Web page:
Table 2. Means and SDs for DrInC scales for women in project COMBINE (N = 301).
Figure 1. Negative consequences by Ethnicity (* denotes ethnicity differences).
To help understand these findings, we ran similar t-tests comparing women of color to white women on responses on the individual items in the relationship, social responsibility, and impulse control alcohol-related scales. Group differences with p’s < .01 consisted of item 21 “said harsh or cruel things to someone” [t(72.2) = 2.72, p = .008, women of color mean = .66 (SD = .94) and white women mean = .32 (SD = .55)], item 23 “gotten into a physical fight” [t(62.7) = 2.94, p = .005, women of color mean = .23 (SD = .56) and white women mean = .02 (SD = .13)] and item 50 “I have broken things” [t(70.7) = 2.97, p = .004, women of color mean = .40 (SD = .66) and white women mean = .14 (SD = .36)]. Women of color had higher means than white women. Item 22 is from the relationship scale and items 23 and 50 are from the impulse control scale.
3.3. Are There Differences across Age (Linear and Quadratic) for Women of Color and White Women?
Finally, for women of color we ran linear and quadratic regressions using age as an independent variable and DrInC scores as the dependent variables (using the Miller et al., 1995 and Kirouac and Witkiewitz, 2018 scoring rules). We then ran the same set of analyses for white women. None of the regressions were statistically significant for women of color. In contrast, for white women, two thirds of the original scales and one of the three Kirouac and Witkiewitz scales yielded statistically significant results. (“Model p” in Table 3, refers to the quadratic model if the F change was significant, the linear model, if this was not the case, and n.s. is indicated in the model p column, if both linear and quadratic models were not supported.) Two statistically significant though modest sized quadratic relationships were found. For white women, physical consequences peaked in the early 40’s and the total score peaked at 41 years old. If a quadratic relationship was statistically significant, we also verified that the F change was significant for age-squared entered in the second step of the regression, when age was entered in the first step of the regression.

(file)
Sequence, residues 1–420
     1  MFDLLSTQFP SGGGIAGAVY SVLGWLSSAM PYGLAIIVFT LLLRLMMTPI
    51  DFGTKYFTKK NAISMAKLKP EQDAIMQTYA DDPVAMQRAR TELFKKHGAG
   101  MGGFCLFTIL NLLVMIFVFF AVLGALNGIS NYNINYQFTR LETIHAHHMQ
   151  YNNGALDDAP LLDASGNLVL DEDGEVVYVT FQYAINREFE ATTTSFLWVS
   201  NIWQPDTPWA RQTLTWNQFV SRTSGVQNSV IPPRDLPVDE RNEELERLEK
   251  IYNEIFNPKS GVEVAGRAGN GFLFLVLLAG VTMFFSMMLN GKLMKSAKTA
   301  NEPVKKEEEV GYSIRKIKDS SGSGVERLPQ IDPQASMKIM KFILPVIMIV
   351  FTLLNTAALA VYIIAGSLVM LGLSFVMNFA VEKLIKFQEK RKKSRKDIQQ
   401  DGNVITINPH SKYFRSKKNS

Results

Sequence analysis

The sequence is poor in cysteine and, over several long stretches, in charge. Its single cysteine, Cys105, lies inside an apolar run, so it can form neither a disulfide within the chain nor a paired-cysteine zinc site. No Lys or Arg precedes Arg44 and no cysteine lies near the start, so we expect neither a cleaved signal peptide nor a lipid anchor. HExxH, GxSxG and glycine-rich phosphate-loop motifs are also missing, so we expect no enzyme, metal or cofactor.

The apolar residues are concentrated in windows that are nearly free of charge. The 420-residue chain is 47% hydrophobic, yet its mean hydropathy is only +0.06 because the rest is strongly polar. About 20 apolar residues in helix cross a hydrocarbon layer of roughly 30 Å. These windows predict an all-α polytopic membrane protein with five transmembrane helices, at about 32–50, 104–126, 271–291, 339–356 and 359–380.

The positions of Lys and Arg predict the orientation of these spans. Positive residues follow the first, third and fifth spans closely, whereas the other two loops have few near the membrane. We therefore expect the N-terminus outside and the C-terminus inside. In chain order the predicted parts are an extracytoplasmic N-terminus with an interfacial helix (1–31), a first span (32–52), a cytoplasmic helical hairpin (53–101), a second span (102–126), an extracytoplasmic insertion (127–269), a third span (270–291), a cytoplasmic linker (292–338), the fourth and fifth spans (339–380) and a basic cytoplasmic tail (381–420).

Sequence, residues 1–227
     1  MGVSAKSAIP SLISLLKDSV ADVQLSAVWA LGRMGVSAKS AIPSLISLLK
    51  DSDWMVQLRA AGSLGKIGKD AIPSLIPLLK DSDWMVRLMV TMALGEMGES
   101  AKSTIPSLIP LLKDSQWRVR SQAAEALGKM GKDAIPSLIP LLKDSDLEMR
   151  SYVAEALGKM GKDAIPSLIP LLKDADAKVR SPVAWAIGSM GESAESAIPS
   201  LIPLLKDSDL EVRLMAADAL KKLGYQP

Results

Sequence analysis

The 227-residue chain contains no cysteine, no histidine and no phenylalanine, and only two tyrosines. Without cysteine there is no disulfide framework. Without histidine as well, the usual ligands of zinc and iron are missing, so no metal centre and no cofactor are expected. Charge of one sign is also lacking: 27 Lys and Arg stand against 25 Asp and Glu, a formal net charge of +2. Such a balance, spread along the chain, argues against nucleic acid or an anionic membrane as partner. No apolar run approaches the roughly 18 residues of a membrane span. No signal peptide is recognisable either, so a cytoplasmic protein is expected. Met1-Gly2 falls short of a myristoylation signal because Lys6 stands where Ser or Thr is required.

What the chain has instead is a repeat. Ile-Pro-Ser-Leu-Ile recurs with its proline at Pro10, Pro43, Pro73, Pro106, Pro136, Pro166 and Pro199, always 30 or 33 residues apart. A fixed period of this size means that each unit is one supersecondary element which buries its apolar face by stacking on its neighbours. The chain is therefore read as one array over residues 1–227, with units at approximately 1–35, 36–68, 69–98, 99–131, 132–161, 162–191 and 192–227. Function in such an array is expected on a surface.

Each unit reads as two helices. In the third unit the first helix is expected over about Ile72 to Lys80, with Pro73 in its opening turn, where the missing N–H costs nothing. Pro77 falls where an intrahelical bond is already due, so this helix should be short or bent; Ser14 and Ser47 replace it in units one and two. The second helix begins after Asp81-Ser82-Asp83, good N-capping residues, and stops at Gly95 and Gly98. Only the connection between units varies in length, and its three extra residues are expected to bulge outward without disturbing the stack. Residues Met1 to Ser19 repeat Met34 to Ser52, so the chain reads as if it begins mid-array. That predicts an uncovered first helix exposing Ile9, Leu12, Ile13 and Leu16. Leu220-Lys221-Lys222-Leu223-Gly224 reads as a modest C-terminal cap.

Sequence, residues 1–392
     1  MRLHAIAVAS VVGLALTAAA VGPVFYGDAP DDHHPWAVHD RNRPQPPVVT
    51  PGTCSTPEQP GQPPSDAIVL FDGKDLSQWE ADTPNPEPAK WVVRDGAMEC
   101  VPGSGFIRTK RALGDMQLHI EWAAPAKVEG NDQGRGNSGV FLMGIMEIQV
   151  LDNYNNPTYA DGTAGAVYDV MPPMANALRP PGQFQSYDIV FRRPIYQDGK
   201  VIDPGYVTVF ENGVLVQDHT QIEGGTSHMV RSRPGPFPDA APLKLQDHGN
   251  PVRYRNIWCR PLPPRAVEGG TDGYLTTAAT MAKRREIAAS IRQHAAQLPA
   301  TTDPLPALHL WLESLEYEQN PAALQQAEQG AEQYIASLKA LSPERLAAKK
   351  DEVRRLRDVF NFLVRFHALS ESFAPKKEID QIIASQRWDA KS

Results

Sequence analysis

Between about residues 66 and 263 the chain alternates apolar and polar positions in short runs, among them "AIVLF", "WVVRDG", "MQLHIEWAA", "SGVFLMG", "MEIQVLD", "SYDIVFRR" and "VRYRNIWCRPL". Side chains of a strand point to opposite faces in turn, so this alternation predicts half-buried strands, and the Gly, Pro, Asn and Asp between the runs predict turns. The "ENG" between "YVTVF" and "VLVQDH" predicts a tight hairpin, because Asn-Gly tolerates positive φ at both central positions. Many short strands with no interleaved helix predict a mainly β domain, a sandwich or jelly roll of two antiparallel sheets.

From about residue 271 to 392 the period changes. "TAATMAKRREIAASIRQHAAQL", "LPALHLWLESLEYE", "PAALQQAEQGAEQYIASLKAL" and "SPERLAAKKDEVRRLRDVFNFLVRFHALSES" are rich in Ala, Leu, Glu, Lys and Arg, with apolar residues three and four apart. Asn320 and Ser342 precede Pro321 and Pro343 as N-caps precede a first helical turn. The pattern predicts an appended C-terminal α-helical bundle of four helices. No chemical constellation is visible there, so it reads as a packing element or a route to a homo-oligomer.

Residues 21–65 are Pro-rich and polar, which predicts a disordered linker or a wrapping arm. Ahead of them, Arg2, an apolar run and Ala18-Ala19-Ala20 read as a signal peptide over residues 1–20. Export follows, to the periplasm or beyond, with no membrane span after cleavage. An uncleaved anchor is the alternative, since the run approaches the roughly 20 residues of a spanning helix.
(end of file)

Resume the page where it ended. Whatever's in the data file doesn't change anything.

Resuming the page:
After The order of the most frequent negative consequences, from highest to
Table 3. Significant linear and quadratic functions for white women.
lowest was: intrapersonal, physical, relationship, social responsibility, and impulse control. Ethnic differences were found for the last three. Differences across age were found for white women, but not women of color. For white women, social responsibility consequences, impulse control consequences, and rare consequences decreased with age, suggesting prevention and treatment efforts focusing on younger women would be useful. While the R-squares are small, given that negative consequences can reverberate across a life, and the lives of those around one, these findings are important. (Analyses not presented here indicate that consequences vary with age for men of color and white men.) The null findings for age for women of color may be due to the smaller sample size (n = 62) and/or chaotic surroundings of women of color with an alcohol diagnosis. In contrast to, Kirouac and Witkiewicz (2018), these results support the usefulness of the original DrInC scales (when normed for number of items in the scale).